First off, know that you're not alone. The PSLF program has been an administrative challenge for many borrowers.
Changes in recent years are meant to streamline and simplify the forgiveness process. But if you’ve been working for an employer you thought was eligible under the PSLF program only to find out it's not, you may be incredibly frustrated. Similarly, if you assumed your loans were eligible but they aren’t, you may be wondering how you’re ever going to be able to pay your loans off.
If you find yourself in this position, you still have some options:
Double-Check Your PSLF and TEPSLF Eligibility
First, double-check your eligibility for both PSLF and TEPSLF. Remember, a lot has changed in recent years, and the new regulations may work in your favor. You may need to advocate for yourself to get the forgiveness you deserve!
You can also contact MOHELA directly. MOHELA is the servicer that handles the PSLF program. Tell the servicer about your situation and ask if there’s anything you can do to qualify.
Get Your Loans Canceled Through Paying on an IDR Plan
If you truly aren’t able to get PSLF, you can continue on an income-driven repayment plan. Under this plan, you should be able to get an affordable monthly payment (depending on your income, it may be as low as $0/month) and may have your loans forgiven after 20–25 years of repayment.
That said, even though the U.S. Department of Education has promised to cancel loans after 20–25 years of payments, a recent National Consumer Law Center study shows this hasn’t been happening at the rate it should be. But don’t give up hope. It’s still worth a shot, especially as the student loan crisis continues to push government officials to make changes.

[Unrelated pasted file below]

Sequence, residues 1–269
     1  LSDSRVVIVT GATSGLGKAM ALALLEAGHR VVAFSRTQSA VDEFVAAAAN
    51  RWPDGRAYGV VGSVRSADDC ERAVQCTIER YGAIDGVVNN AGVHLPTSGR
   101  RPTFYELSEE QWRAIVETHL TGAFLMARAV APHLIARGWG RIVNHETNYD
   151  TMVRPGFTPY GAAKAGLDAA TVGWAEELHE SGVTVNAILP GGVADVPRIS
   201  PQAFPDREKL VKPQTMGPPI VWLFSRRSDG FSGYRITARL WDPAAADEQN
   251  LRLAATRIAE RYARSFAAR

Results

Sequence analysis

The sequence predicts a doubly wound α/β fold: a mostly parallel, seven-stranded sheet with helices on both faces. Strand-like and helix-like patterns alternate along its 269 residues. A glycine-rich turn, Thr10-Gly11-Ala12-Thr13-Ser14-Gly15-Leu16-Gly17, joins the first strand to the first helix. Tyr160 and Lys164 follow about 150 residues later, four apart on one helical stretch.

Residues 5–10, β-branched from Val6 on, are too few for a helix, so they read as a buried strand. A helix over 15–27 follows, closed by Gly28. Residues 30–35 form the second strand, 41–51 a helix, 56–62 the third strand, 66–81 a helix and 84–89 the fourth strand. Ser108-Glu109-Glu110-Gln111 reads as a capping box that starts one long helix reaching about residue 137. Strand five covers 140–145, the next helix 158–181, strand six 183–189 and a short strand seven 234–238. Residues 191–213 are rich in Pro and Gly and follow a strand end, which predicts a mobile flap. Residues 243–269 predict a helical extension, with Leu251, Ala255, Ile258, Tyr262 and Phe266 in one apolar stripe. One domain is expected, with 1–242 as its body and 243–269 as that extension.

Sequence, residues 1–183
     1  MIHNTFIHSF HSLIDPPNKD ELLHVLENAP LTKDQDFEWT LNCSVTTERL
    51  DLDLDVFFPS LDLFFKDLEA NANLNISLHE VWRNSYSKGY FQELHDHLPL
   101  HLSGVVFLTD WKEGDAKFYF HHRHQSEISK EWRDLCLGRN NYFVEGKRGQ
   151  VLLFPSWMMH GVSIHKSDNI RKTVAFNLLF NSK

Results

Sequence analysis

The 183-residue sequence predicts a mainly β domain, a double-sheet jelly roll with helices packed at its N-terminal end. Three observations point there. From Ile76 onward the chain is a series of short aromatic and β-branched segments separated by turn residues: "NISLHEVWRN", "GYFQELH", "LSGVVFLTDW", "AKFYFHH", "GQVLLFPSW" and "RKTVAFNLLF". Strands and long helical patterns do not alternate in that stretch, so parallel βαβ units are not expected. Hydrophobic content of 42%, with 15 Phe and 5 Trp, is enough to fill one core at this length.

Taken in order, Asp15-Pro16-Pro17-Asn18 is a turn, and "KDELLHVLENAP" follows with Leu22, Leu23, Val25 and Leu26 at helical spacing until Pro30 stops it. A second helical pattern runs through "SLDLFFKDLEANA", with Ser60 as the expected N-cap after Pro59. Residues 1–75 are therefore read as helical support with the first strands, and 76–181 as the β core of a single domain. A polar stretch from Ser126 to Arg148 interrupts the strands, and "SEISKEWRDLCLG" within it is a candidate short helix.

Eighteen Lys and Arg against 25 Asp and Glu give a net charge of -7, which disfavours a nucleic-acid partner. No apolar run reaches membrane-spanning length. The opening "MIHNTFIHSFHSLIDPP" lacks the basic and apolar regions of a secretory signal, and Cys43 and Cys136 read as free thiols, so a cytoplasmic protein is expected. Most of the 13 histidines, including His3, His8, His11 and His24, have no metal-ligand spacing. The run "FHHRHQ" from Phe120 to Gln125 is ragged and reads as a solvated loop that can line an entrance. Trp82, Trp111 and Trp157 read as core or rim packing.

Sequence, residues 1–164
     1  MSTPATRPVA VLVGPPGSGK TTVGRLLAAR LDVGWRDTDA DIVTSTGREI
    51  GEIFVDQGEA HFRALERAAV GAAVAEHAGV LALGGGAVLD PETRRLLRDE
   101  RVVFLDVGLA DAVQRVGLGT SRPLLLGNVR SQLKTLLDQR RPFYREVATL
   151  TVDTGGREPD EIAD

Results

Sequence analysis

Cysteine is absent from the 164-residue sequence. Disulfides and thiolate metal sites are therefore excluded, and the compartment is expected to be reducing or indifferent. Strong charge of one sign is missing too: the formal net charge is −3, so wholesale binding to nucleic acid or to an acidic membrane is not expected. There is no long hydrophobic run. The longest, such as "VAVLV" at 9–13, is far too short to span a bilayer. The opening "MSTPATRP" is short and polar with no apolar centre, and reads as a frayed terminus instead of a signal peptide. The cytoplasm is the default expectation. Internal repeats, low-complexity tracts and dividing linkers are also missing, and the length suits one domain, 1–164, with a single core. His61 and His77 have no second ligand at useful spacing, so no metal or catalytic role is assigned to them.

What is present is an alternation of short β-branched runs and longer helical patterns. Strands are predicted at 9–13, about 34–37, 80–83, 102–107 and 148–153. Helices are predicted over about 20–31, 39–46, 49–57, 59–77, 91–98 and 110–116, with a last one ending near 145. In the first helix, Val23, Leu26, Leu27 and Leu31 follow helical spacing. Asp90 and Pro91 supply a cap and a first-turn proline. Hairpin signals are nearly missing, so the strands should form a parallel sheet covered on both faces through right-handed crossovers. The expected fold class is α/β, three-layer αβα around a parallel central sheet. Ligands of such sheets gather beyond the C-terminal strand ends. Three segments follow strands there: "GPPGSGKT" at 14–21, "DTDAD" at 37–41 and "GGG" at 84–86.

Get Your Student Loans Discharged in Bankruptcy
Many people believe that you can’t get your student loans discharged in bankruptcy, but this is a myth! You can get your student loan discharged through bankruptcy, and it recently became easier to do under new government guidelines.
To get your loans discharged in Chapter 7 or Chapter 13 bankruptcy, you’ll have to prove that repaying the loan causes “undue hardship” and that you’ve made “good faith” efforts to repay your student loan debt.
You’ll need to file some additional paperwork for an adversary proceeding if you want to discharge student loan debt in bankruptcy. You can read more about this process in our article: How To Fight Student Loan Debt in Bankruptcy: Adversary Proceedings Explained.
This may seem like a complicated process, but Upsolve is now able to help eligible Chapter 7 filers with their student loan discharge. Check your eligibility now.